The Olympics opening ceremony shouldn't be a political football

Neither the left nor the right has a strong claim to an "authentic" British identity which their opponents cannot engage with.

The dissonance of "an isle full of noises" was at the heart of Danny Boyle's celebration of the role of democracy, dissent and disruptive technologies in making modern Britain. So it would be rather un-British if nobody tried to start a bit of an argy-bargy about it all.

But attempts to turn the Olympic opening ceremony into a political football have been rather unconvincing.  Most people thought the show both represented Britishness well (by 61% to 9%) and was entertaining (65% to 7%), which seem strong findings given that another one in five of those surveyed in the snap poll by Survation hadn’t seen the event.  Newspapers from across the political spectrum were highly positive too, with the Telegraph titles praising Britain’s "can-do" ability to deliver a spectacle, and liberal papers warming to the inclusive vision of Britain.

Boyle’s show did demonstrate a  "Heineken ability" in prompting feelings of British pride among those who are more often allergic to that idea. Sarah Ditum captured this thought in her blog, writing that "this was something else: a vision of Britain, its history and its people that I recognized, felt good about and (despite my reflex cynicism) loved".

That feeling of liberal pride in the opening ceremony seemed to grow over the weekend, stoked by the sense that the right found less to enjoy in the Olympic curtain-raiser. Most of the attention was grabbed by Tory MP Aidan Burley, winning fifteen minutes of infamy for the second time in a short political career. He can’t have intended his 'tweet before you think' dismissal of the show as "leftie multi-cultural crap" to spark the (eminently predictable) social media and political furore which followed. Burley seemed unaware, too, of the "stop digging" maxim of political common sense as, having oddly claimed that he did not wish to criticise multiculturalism itself (which he would have every right to do if he thought so) his attempts to elucidate - including bemoaning a "huge focus on rap music", presumably referencing the ceremony's sole rapper Dizzee Rascal - struck many ears as signalling discomfort with something else; any portrayal of the settled reality of Britain as a multi-ethnic society, even when opening an Olympics in east London.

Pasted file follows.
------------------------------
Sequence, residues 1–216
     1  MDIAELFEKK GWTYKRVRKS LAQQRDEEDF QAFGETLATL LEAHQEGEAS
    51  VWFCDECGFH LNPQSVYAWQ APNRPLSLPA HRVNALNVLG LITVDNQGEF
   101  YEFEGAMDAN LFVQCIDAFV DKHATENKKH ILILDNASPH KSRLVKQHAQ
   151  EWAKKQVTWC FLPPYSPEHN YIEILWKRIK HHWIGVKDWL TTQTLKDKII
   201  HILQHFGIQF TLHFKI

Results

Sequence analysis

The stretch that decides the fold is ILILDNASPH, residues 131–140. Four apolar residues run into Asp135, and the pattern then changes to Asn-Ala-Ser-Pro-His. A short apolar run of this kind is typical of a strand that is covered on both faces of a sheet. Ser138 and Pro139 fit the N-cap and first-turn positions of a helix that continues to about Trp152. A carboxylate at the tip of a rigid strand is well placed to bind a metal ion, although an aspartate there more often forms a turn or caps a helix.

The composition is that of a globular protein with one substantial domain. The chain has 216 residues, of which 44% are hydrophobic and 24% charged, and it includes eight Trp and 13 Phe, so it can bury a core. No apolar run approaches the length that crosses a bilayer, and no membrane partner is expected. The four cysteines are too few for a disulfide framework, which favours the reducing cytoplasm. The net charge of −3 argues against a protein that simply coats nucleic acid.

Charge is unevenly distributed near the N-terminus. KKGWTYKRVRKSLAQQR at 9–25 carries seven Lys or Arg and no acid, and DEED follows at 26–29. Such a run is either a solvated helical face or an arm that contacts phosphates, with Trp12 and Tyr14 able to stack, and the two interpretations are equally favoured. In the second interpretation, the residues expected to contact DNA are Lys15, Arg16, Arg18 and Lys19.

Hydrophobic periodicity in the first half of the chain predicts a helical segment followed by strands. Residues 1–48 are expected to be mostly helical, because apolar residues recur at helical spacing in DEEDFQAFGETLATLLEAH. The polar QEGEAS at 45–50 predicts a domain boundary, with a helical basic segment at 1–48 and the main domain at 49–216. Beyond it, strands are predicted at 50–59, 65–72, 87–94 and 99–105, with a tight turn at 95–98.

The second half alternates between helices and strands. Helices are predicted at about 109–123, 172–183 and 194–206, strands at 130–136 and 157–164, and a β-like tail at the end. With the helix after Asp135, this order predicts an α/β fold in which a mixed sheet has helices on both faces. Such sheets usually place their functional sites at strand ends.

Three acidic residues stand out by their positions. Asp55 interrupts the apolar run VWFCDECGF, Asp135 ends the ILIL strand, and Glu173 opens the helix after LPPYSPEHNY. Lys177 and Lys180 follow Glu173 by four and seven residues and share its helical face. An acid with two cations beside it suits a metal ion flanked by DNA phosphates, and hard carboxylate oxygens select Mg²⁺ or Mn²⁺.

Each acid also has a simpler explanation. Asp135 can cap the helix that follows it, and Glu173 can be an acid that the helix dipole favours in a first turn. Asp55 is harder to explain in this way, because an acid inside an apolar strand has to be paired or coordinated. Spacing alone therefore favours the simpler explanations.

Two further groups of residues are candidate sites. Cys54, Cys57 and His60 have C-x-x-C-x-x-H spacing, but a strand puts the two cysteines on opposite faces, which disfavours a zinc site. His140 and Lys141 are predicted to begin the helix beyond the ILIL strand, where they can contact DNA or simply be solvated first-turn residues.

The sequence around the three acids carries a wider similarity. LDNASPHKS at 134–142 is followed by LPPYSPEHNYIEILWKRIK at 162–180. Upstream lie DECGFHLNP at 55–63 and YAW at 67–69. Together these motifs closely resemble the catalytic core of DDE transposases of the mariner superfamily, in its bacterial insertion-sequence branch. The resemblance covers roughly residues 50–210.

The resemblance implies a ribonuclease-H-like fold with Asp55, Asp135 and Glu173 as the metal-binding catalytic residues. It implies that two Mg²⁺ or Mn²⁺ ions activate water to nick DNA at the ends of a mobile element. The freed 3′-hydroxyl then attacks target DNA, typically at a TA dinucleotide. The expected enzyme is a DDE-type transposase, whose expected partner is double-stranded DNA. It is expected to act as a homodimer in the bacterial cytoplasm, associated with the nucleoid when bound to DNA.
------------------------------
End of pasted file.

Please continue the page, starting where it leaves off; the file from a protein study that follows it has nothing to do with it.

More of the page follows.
But to regard Burley as the authentic voice of the Tory take on the ceremony would be misleading and wrong. Any scan of right-of-centre opinion shows his views to be pretty marginal. Most of his political colleagues will despair not only at the crudity of Burley's comments but also his impolitic contribution to Tory brand retoxification.

Toby Young thought he had watched "a £27 million Party Political Broadcast for the Labour Party", because of the love letter to nurses, Great Ormond Street hospital and the NHS. After decades in which every Conservative minister has sought to argue that the NHS is not the party property of the Labour Party, there is an irony in right-of-centre commentators arguing that it is. The politics of the NHS reform Bill have trumped the early politics of Cameronism, where loving the NHS was going to be the foundation of the modernization project. (There was a warm generosity of spirit to James Cleverly's view that the show was a bit of a lefty tract, but no less enjoyable for all of that, but this does essentially accept those terms of the debate).

Other centre-right voices have offered a milder critique of the perceived politics of the show. Some of these were arguments about the balance between the traditional and the modern. Telegraph music critic Michael White enjoyed the spectacle but thought the traditions of literature, music and the Church were missing, asking "does none of this count for anything any more on the checklist of national identity?". Since Boyle began with Nimrod, Jerusalem and Shakespeare, and Emile Sands' moving Abide With Me tribute, it would make more sense to conclude that they do.

Yet these conservative depictions of the show as left-wing arguably misread the history of their own traditions. British Conservatism was, across the last century, probably the most electorally successful political force in western Europe. Its secret was to be conservative, but rarely reactionary. It has only rarely, more recently, advocated radical change, but it has very often showed a talent for living with it. 

Having believed that the loss of the aristocratic veto would end Empire, order and property, Conservatives surprised themselves in the ability of Baldwin and Macmillan to expand their electoral appeal. This is the conservatism of di Lampedusa's The Leopard, "if we want things to stay as we are, things will have to change”. And there is a lesson here for the progressive left too: those radical changes which endure are those which are ratified by acceptance across the political spectrum.